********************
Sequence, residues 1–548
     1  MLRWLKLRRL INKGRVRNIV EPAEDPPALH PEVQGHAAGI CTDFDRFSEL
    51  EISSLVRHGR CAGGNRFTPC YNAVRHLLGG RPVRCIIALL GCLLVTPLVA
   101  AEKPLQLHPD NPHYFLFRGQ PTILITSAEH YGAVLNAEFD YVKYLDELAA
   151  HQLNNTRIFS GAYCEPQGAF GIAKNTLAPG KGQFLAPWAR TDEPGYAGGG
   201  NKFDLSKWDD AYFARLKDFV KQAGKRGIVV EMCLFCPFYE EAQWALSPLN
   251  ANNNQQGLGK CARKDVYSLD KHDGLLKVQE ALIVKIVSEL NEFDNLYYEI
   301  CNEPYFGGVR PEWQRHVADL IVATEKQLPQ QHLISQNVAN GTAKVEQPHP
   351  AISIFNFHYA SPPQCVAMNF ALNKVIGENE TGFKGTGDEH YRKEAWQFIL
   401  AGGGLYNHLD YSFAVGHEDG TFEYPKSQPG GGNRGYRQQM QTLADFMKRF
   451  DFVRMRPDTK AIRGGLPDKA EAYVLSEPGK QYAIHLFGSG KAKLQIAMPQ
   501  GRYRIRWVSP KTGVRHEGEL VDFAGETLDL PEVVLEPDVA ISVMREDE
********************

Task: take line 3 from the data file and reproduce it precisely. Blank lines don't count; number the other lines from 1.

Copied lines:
    51  EISSLVRHGR CAGGNRFTPC YNAVRHLLGG RPVRCIIALL GCLLVTPLVA